Ms. Poole-Moffatt: We are doing it in the U.S.

Mr. Spitzer: Yes. I think now with the scrutiny, and it is the right thing to do, most people, most companies, if not all, disclose on what is called MSDS sheets what the chemical constituents are of the frac fluid.

Senator Banks: Is there any worry about that being a disincentive to research? I mean research in the oil and gas industry is largely driven by trying to gain advantages over your competitors.

Mr. Spitzer: Well, I am not so sure of all the exact concentrations and so on. It is a list of chemicals that is required for disclosure. I am not sure it is exactly all the concentrations as such. We have come a long way from what it was years ago.

Senator Banks: Through this, we will all know what the Coke formula is.

Senator Brown: I was fascinated by your comments about methane gas and 8,000 metres. You asked the question whether anyone knew of any seepage from that shale gas at 8,000. There has been an awful lot of drilling in Southeastern Alberta on 700 metres which puts them much closer to the surface. I wonder if there is any difference between the methane produced in the coal bed methane in Southern Alberta or the 8,000 metre stuff that you are doing to the north.

Mr. Spitzer: For clarity, it is 8,000 feet, not 8,000 metres. The coal bed methane in southern Albert occurs, in general, a lot shallower than much of the shale gas, so there has been some fracturing in southern Alberta on coal bed methane. The issues are more acute in that particular instance because of the proximity of the fresh water and the cold seams, so that discussion continues to go on.

What we are talking about here is fundamentally shale gas that generally is 5,000 feet plus with a heck of a lot of overburden between it and the potable water sources. The coal bed methane thing is an entirely different situation.

Senator Brown: Is it the same technology as what they were using with the shale stuff, with the coil and steel, the only thing that actually drills and moves is the bit itself, not the pipe?

Mr. Spitzer: Yes, the technology is relatively similar. I mean I do not think they use horizontal multistage fracs. They do break the rock a little bit, but coal, in general, it breaks on its own. It has got cleavage that allows gas molecules to come out of that situation much more readily than some of the shale gas, so it is a little bit different.

Senator Brown: Are you encasing the 8,000 feet all the way down?

Mr. Spitzer: Yes.

Senator Brown: I know that there have not been any complaints about that deep stuff, but I had a farming company and I still live on one of the three houses that was there. We had one well go dry and we drilled a well 300 feet. After about three or four years, methane gas started showing up in our water. I was asked to testify at a hearing in Calgary because my neighbours were having somewhat the same problems. I talked to my geologist friend who I went to university with and he said nature actually abhors a vacuum so it tries to fill that in, whether you are taking water out and letting the pressure of the gas come up or whether you are putting a lot of water down and pressing the gas down.

Anyway, it is a fact of life on a lot of the things around the area about 15 miles southeast of the Calgary Airport. I can take a glass of water, like this, out of the hot water tank and it will look milky, unable to see through it, but if you let it sit there for 60 seconds, it will be just as clear as a bell.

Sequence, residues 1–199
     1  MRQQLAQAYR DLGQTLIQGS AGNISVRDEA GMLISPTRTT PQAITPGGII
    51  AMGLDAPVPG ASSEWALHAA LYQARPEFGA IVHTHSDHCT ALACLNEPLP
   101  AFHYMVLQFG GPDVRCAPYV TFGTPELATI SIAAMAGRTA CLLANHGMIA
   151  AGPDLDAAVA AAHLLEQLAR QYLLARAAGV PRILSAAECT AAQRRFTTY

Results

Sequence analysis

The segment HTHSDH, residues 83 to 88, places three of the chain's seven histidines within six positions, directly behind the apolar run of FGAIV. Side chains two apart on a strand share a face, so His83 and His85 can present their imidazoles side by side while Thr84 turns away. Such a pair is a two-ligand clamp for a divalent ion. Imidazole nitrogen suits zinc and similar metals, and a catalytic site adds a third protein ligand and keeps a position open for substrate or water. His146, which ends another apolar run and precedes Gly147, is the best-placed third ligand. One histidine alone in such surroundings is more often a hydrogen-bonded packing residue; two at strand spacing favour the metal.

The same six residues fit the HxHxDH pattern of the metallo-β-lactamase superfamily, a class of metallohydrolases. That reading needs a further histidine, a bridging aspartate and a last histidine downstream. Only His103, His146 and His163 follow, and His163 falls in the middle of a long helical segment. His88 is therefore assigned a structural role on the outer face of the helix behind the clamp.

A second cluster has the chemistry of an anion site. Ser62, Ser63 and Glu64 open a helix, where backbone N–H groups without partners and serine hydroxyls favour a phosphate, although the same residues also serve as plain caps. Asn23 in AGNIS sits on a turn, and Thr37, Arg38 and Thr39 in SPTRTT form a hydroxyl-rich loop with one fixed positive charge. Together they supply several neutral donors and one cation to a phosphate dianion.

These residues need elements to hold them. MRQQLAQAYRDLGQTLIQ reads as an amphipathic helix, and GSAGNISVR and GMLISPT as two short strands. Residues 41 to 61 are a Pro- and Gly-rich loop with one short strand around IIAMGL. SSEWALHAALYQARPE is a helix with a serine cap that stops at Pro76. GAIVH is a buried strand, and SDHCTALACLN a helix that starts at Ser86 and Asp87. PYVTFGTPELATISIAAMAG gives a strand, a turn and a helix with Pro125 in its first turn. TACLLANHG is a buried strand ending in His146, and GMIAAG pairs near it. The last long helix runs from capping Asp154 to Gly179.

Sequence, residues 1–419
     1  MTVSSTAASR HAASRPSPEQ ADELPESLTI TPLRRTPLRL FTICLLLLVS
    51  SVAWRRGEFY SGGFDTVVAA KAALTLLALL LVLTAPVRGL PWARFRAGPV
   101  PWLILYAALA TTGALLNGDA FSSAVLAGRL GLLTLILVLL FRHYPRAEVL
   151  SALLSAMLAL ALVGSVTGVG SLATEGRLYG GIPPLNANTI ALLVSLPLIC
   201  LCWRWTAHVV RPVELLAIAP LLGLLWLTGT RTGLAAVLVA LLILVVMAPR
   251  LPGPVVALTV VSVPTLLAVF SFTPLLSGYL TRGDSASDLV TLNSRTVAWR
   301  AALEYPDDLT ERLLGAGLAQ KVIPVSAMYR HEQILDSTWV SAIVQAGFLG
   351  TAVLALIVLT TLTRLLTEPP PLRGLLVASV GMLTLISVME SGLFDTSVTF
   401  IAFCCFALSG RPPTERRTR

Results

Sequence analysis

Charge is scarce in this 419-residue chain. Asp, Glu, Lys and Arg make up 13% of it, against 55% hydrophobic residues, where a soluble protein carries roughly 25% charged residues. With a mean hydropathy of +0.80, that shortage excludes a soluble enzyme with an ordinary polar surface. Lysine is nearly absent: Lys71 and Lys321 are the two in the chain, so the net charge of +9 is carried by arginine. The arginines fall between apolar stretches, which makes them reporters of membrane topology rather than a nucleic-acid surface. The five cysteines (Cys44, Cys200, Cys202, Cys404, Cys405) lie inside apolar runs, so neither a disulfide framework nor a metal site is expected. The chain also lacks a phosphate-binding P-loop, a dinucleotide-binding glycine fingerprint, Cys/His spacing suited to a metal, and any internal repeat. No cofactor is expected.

Mr. Spitzer: Yes, it is interesting. When we were involved in New Brunswick, we sampled 300 water wells that people used, in advance because I think it makes good business sense to understand what is there beforehand before you start drilling. Of the 300 wells that we tested, 12 of them, fully 12 of them had methane gas in them because there is naturally occurring methane gas. I mean through geologic times, some of this stuff does seep into aquifers.

So some 12 of them had methane gas and more than half of them had E. coli, so it was good that we did it.

To answer your question, there is more than one reason why you can get methane gas in waters. There is natural occurring stuff.

I live on an acreage outside Calgary that the water continually changes without any drilling activity. My neighbour once had no iron in his water and now he has got iron in his water with no well activity. Some of it is a little difficult to explain, I must say.

From what I know and what I have read, if the cement jobs were done properly, I cannot think of any cases where there has been contamination. It is most important to follow the regulations.

Senator Brown: I was just interested in the fact that the deep well stuff does not seem to be causing any problems, but we have lived with the shallow well stuff for a long, long time.

The Chair: That brings this session to an end. I want to thank you, Rob Spitzer and Natalie Poole-Moffatt for coming. This producers group thing is obviously the right model in terms of getting more efficient use of the land, that is for sure.

We were speaking with the minister last night here informally. At the auction or whatever it is called, there was some kind of a condition put, was there not, that all the companies would not be individually freelancing around.

Our next witness is Mr. Donald McInnes.

Mr. McInnes, we are the Standing Committee on Energy, the Environment and Natural Resources. We are trying to make some sense out of the energy sector and find a more efficient and sustainable way forward. We will be reporting this coming June after three plus years of talking energy and trying to get Canadians to understand.